[00:03:03] You can schedule an appointment with our office: 541-682-5177.

[00:03:09] And then if you’d like to talk to the bias response hotline, you can call 1-844-924-2427. That hotline has translation services available in just about over 100 languages. So that should be your number one, go-to resource for responding to hate and bias in the community.

[00:03:29] And if anyone has any questions you can always send us an email at humanrights@eugene-or.gov.

[00:03:37] John Q: The 4J school board saw its first quarterly report on bias and harassment incidents in December. Superintendent Andy Dey acknowledged the district has struggled with data quality.

[00:03:49] Judy Newman (4J board member): I’m appreciative to see the report. I know how hard it’s been to get it to a place where you can at least have some confidence in the data, so thank you for keeping on it. It’s important.

[00:04:03] Andy Dey (4J superintendent): We feel like we’ve gotten better, more accurate information because a lot of the reports that we received last year, many of them are not about any issues that are listed. So, I feel like we’re getting some cleaner information about what’s happening.

[00:04:17] John Q: He said there were 179 incident reports.

[00:04:21] Andy Dey: Of 179 incident reports filled out, harassment being 73 of the incidents reported—that’s not staff determining what it is, that’s the complainant themselves indicating why they’re submitting—73 general bullying and harassment, whereas 37 felt it was racial harassment.

[00:04:41] Who is it that harassed you or bullied you? Unfortunately, 98 of the 179, that information was not provided.

[00:04:50] Sept. 6 to Dec. 1, 18 reports were submitted from staff members. So we do see staff members who are also using this system.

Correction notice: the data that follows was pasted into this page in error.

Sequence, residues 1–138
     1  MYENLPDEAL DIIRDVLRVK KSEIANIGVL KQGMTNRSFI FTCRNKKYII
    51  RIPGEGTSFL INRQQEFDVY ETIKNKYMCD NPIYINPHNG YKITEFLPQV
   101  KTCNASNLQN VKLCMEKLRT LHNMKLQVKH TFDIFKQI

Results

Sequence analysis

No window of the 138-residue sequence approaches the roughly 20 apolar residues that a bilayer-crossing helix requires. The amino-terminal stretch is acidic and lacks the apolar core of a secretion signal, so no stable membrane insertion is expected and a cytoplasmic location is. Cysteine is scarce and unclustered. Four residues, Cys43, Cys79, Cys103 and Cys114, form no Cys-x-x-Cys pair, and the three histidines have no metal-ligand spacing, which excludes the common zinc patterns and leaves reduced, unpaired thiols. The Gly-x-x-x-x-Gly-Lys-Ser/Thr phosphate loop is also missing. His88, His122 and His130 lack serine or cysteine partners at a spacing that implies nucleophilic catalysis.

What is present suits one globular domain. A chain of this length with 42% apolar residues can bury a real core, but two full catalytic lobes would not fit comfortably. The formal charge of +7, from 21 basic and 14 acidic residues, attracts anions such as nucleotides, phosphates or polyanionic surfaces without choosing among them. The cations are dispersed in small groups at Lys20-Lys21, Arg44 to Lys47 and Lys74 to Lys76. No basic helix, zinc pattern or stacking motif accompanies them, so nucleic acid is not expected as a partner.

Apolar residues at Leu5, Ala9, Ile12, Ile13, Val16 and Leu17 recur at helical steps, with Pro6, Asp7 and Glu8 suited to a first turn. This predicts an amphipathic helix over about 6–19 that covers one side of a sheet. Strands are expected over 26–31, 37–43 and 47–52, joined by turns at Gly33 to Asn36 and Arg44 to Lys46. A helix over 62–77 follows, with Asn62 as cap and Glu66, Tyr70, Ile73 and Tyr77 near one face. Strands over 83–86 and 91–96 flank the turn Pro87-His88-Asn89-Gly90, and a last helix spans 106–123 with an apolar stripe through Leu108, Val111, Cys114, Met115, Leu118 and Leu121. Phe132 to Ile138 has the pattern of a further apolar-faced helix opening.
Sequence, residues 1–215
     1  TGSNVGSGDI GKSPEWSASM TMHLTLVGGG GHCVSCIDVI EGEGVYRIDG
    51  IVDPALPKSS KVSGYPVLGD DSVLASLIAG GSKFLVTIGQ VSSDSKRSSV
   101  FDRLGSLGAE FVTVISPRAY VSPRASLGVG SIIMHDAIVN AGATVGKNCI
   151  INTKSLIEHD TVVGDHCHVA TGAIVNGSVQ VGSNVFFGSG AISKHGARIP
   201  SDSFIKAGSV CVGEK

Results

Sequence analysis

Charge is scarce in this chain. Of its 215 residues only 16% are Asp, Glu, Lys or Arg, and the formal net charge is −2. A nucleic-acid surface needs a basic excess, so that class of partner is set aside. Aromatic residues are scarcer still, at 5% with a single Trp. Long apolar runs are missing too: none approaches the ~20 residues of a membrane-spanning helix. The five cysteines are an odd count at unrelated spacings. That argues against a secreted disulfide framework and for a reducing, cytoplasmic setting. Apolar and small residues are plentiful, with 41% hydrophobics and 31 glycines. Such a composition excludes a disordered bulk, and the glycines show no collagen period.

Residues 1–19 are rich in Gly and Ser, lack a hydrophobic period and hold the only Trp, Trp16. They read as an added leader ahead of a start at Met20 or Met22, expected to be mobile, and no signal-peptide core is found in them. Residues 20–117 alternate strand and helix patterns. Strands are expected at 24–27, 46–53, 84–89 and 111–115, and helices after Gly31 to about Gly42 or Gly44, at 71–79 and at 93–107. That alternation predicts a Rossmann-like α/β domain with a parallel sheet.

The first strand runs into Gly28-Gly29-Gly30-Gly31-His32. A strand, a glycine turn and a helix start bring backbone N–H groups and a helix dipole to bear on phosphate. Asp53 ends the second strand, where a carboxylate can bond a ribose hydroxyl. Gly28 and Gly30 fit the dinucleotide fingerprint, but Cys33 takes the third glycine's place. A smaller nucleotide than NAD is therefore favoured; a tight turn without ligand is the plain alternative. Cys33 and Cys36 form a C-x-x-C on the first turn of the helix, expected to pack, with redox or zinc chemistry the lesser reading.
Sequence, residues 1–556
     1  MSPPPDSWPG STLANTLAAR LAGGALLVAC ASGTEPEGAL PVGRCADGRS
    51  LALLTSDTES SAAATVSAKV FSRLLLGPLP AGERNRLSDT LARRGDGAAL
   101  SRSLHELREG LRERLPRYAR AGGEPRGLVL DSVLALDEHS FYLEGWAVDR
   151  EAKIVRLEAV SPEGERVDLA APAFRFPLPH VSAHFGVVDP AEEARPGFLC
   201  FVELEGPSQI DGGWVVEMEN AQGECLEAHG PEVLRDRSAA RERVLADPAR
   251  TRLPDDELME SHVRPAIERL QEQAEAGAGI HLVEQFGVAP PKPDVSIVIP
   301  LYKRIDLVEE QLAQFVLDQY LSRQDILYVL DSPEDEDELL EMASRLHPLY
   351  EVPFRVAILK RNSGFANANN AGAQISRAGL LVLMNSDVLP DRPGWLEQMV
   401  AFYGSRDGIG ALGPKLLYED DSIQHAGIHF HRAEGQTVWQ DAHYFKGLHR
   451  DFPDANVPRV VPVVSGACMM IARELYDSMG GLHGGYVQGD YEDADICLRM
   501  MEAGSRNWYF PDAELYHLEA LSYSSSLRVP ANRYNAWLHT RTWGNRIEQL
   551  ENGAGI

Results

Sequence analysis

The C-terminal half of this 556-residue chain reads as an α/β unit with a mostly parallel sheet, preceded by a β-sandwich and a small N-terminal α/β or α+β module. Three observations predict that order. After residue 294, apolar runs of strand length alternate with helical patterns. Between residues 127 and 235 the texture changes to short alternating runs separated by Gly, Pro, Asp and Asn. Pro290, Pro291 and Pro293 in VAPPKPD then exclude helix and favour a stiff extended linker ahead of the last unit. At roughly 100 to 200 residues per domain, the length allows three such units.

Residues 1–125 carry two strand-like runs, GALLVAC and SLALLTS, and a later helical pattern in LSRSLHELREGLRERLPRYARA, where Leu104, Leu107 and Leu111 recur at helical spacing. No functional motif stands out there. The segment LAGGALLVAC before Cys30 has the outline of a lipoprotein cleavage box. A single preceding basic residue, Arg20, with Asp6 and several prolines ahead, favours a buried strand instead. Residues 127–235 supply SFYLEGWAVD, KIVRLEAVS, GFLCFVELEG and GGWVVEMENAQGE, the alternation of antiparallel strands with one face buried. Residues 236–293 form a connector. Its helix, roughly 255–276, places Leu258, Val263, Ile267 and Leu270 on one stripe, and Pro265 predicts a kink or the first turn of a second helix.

[00:05:00] John Q: He said the overall process requires a lot of staff time.

[00:05:04] Andy Dey: This is the second iteration, because what we did last year with the form didn’t work. Right now we have a Google Form. We’re looking at moving it to a different form that will allow us to have feedback.

[00:05:16] But there’s still quite a bit of work to do before we feel like we have a solid system in place. And a lot of it has to do with staff availability.

[00:05:27] Judy Newman: This is the first point-in-time (report) we’ve had. Were you surprised about the numbers?

[00:05:33] Andy Dey: So many people, that, what is it, 98 of them did not indicate any more information about who they felt had been the source of the harm.

[00:05:41] We’ll want to get some feedback from them about, for those of you that didn’t anonymously write down, why is it that you didn’t—what got in the way of that.

[00:05:49] So we would do one (report) really, every three, three and a half months, provide you with updates on where we are with this data and where we are with the process. And then at the end of the year, you have an annual report.

[00:06:01] John Q: Eugene’s 4J school district gets its first look at bias and harassment reports. The data is starting to reveal the scope of the problem. Oregon reported 408 incidents for the entire state for an entire year. With improved reporting, a single school district in Eugene is reporting 179 incidents in just three months.